Exercise 1. Giving Criticism

Sometimes, when the participants feel strongly about an issue, their criticism of others is direct as in the following examples.
However, criticism and disagreement is often hedged (softened) so as not to offend the persons criticised and to maintain a businesslike relationship with the other participants. Work in pairs, underline and comment on the linguistic techniques used to hedge criticism in the examples below.

Exercise 2. Ways of Modifying Utterances

Look at the following examples taken from a real meeting. They all have one modifying technique, concerning the use of tenses, in common.  What is the technique?

The Language of Presentations

The teaching of presentations is another core theme for most business English courses. The following three examples show how CR activities can be combined with authentic materials in order to:

Exercise 1. Creating a Rapport with your Audience

A presentation is a two-way process and so it is very important to create a rapport with your audience in order to make them feel actively involved in what you are saying. In the following examples underline and comment on the linguistic techniques that the speakers use to establish a link with the audience.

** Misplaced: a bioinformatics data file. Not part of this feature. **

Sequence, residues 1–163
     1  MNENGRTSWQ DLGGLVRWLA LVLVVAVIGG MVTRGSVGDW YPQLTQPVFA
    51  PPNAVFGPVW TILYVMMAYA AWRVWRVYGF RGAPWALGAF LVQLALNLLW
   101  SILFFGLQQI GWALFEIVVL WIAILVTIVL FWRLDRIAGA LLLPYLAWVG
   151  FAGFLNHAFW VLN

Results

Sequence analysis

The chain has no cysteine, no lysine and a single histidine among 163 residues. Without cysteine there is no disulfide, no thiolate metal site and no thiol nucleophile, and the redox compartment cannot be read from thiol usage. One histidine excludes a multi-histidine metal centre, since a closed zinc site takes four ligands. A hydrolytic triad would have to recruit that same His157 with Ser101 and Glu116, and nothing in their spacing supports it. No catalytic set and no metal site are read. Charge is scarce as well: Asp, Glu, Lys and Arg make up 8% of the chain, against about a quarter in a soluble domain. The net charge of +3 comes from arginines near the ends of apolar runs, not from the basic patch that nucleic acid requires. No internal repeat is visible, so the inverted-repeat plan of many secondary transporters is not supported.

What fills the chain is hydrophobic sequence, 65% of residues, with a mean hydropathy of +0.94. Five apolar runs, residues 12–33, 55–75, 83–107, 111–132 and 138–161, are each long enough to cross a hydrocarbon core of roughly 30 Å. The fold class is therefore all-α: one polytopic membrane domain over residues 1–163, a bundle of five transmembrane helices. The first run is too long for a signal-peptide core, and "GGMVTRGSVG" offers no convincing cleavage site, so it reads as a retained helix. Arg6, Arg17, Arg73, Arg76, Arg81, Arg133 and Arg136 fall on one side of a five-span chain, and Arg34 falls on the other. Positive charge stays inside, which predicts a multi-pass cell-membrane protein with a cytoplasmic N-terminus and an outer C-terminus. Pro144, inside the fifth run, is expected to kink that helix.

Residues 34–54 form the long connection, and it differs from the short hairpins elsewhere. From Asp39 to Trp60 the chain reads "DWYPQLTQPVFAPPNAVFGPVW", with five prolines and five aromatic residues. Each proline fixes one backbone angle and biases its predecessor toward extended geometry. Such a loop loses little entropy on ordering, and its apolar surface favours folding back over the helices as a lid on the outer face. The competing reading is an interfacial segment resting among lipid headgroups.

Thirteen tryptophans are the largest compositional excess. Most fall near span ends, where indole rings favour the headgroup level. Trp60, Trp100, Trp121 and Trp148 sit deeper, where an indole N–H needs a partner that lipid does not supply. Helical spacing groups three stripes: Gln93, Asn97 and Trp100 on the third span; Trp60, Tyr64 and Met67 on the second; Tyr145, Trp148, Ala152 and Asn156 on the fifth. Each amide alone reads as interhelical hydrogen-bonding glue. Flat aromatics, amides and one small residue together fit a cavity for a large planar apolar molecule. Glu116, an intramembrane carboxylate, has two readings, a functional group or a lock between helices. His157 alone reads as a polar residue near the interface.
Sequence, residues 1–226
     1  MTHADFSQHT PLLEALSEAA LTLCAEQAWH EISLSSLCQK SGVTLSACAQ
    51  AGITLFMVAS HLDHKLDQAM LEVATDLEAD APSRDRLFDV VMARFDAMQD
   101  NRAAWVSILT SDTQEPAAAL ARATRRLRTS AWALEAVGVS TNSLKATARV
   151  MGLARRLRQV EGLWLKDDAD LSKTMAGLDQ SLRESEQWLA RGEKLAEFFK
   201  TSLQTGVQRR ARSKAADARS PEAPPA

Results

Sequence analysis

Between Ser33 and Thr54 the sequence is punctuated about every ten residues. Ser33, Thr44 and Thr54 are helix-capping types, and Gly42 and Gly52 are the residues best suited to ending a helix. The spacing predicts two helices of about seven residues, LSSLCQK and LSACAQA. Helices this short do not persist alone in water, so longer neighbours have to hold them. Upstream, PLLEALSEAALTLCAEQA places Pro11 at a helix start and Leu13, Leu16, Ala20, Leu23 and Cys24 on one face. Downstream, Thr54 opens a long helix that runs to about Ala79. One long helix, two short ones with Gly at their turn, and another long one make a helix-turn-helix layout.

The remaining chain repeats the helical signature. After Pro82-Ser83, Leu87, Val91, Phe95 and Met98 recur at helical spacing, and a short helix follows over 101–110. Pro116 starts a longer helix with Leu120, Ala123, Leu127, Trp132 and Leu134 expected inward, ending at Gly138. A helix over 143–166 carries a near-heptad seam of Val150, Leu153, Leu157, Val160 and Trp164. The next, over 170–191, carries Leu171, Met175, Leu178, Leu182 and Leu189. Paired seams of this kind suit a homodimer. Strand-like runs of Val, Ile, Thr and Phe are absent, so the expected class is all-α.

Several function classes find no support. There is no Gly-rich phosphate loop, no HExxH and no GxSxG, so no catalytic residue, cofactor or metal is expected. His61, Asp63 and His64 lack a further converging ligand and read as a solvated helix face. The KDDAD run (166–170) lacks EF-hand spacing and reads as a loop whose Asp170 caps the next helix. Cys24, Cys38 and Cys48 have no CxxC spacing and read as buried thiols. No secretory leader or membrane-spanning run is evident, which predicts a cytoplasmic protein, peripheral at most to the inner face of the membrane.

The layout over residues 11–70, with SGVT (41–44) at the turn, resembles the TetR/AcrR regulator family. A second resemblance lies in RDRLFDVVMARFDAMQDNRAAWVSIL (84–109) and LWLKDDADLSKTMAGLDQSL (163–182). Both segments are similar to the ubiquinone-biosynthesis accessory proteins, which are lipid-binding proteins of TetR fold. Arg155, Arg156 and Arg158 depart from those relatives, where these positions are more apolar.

Exercise 2. Conclusions

Read the following conclusions to business presentations. Work in pairs. Discuss the following questions:

Conclusions for Discussion

Exercise 2  Making your Speech More Powerful

In this section you will see a number of linguistic devices that the speakers use to get their message across more effectively. For each extract, try to give a label to the device exemplified and then comment on its effectiveness. 



It is not my suggestion that current text books should be abandoned because the texts used to teach meetings and presentations are not authentic. That fact that materials are not authentic does not disqualify them as 'good' teaching materials and nobody would argue that many of the materials currently available fail to equip our students with key lexis, expressions, listening skills and so on that could be employed in professional situations where English is used. However, the use of authentic materials outlined above could be a useful supplement to your teaching repertoire and students (and teachers) might appreciate the contact with 'real' business language in use.

Suggested Answers and Points for Discussion


Exercise One

The following expressions are hedges;
my understanding was, it seems to me, I felt, there seems to be, just, and the use of modals   should and could.
They act to minimise any possible criticism of other participants.

Exercise Two

The technique is the use of the unreal past. The use of the unreal past can be seen as a politeness strategy to make the utterances seem more hypothetical.

Business Presentations

Exercise One

Exercise Two 

The speakers sum up the key message they want to convey.

Exercise Three

The Internet TESL Journal, Vol. XI, No. 4, April 2005